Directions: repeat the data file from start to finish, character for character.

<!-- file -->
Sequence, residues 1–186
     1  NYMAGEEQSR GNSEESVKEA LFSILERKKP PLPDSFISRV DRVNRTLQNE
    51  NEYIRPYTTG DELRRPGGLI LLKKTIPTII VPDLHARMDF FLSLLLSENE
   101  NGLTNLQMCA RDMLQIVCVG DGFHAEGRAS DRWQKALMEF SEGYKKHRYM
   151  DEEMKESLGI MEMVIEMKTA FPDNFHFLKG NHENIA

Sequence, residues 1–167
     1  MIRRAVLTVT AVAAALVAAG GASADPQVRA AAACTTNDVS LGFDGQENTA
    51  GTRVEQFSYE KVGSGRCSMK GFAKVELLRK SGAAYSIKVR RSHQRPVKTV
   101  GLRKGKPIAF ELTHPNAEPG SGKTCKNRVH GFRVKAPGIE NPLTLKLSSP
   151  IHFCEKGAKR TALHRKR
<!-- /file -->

Sequence, residues 1–186
     1  NYMAGEEQSR GNSEESVKEA LFSILERKKP PLPDSFISRV DRVNRTLQNE
    51  NEYIRPYTTG DELRRPGGLI LLKKTIPTII VPDLHARMDF FLSLLLSENE
   101  NGLTNLQMCA RDMLQIVCVG DGFHAEGRAS DRWQKALMEF SEGYKKHRYM
   151  DEEMKESLGI MEMVIEMKTA FPDNFHFLKG NHENIA

Sequence, residues 1–167
     1  MIRRAVLTVT AVAAALVAAG GASADPQVRA AAACTTNDVS LGFDGQENTA
    51  GTRVEQFSYE KVGSGRCSMK GFAKVELLRK SGAAYSIKVR RSHQRPVKTV
   101  GLRKGKPIAF ELTHPNAEPG SGKTCKNRVH GFRVKAPGIE NPLTLKLSSP
   151  IHFCEKGAKR TALHRKR